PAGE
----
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« Panic, Housing, and the Economy: Ritholtz versus Malpass | Main | Market Observations on a Tough Day »

August 09, 2007


Larry Nusbaum

"These are people much like our current investors (our friends --a very intelligent group), but who abandoned stocks for real estate after the 2000-01 experience. Many of these people are still not actively invested."

That's me. I am about 90% real estate. In the stock market, since 2000/2001, I have emphasized value over growth, small cap over large and much broader diversification. I have also added some shorts and some hedges while focussing on the precious metals mining stocks.

But, Jeff just because someone responds to the Tickersense poll one way doesn't mean that person invests the same way. For a long time I was bearish but remained fully invested.

Josh Stern

Hi Jeff, I'm one of those individual investors you ask about. The system that comes most naturally to me as an intuitive process is deep value investing with a nod to fundamental momentum and industry based relative strength (where I'm early enough to the party). I find that individual investors using fundamental analysis have a much greater chance of doing well if they stick to stocks that are not widely followed (the reverse is probably true for individuals using mainly TA). So I mainly end up in small cap value. I had a good week because that sector was up about 5%.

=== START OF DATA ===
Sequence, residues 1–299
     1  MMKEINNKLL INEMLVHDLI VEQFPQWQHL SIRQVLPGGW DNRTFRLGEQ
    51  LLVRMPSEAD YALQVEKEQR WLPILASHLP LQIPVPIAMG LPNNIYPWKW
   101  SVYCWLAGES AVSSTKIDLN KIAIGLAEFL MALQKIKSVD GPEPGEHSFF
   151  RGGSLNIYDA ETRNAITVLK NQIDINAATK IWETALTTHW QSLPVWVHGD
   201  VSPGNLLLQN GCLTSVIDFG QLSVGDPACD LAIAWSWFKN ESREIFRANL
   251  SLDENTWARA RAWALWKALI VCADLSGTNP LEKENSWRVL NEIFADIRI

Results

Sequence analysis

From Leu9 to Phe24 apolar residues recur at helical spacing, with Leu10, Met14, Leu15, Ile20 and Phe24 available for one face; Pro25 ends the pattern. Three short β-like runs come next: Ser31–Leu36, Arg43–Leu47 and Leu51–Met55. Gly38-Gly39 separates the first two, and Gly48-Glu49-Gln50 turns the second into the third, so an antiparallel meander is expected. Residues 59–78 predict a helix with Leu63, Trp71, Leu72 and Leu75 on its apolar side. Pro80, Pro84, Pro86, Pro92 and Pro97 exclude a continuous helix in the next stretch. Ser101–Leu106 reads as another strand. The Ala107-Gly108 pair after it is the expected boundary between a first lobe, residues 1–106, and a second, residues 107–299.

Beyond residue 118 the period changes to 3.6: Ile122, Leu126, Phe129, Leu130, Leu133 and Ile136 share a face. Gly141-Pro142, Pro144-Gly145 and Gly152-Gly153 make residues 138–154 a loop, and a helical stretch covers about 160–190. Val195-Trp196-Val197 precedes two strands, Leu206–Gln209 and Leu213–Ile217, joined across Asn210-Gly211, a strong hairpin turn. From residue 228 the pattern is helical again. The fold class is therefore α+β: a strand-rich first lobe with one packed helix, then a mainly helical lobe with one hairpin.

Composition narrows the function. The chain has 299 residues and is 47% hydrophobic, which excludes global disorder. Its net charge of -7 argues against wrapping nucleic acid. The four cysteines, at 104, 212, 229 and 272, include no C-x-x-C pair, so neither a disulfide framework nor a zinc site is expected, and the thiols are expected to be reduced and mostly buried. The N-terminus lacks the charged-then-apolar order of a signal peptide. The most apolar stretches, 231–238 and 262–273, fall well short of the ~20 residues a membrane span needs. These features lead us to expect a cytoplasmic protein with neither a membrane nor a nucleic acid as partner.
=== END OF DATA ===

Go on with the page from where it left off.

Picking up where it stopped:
If you use the Google search window on the site you will see several topics on developing trading systems. The link to the TCA model development illustrates a good method. The post where we talked about Ralph Vince and his work does the same.

Most commonly, you have to avoid using all of the data or you have no out-of-sample test. You also cannot use the same out-of-sample too many times or it becomes part of the development data.

Good luck with your work. What a great opportunity!




Thanks for our comments and the helpful links!



You mention "backfitting traps." I am a student and have spent this summer doing some modeling for a local hedge fund. I am curious about what these traps may be. Can you elaborate?

David Merkel

Excellent post. Investors have to know what their edge is first, time horizon second, risk tolerance third, and the amount of work that they want to put in fourth. My best statement on this were the pieces that I wrote for RealMoney on using investment advice.

I recently posted at my blog on my recent underperformance; it was a good exercise to go through. More investors need to analyze the negative side of their performance more. It hurts, but it makes us better.

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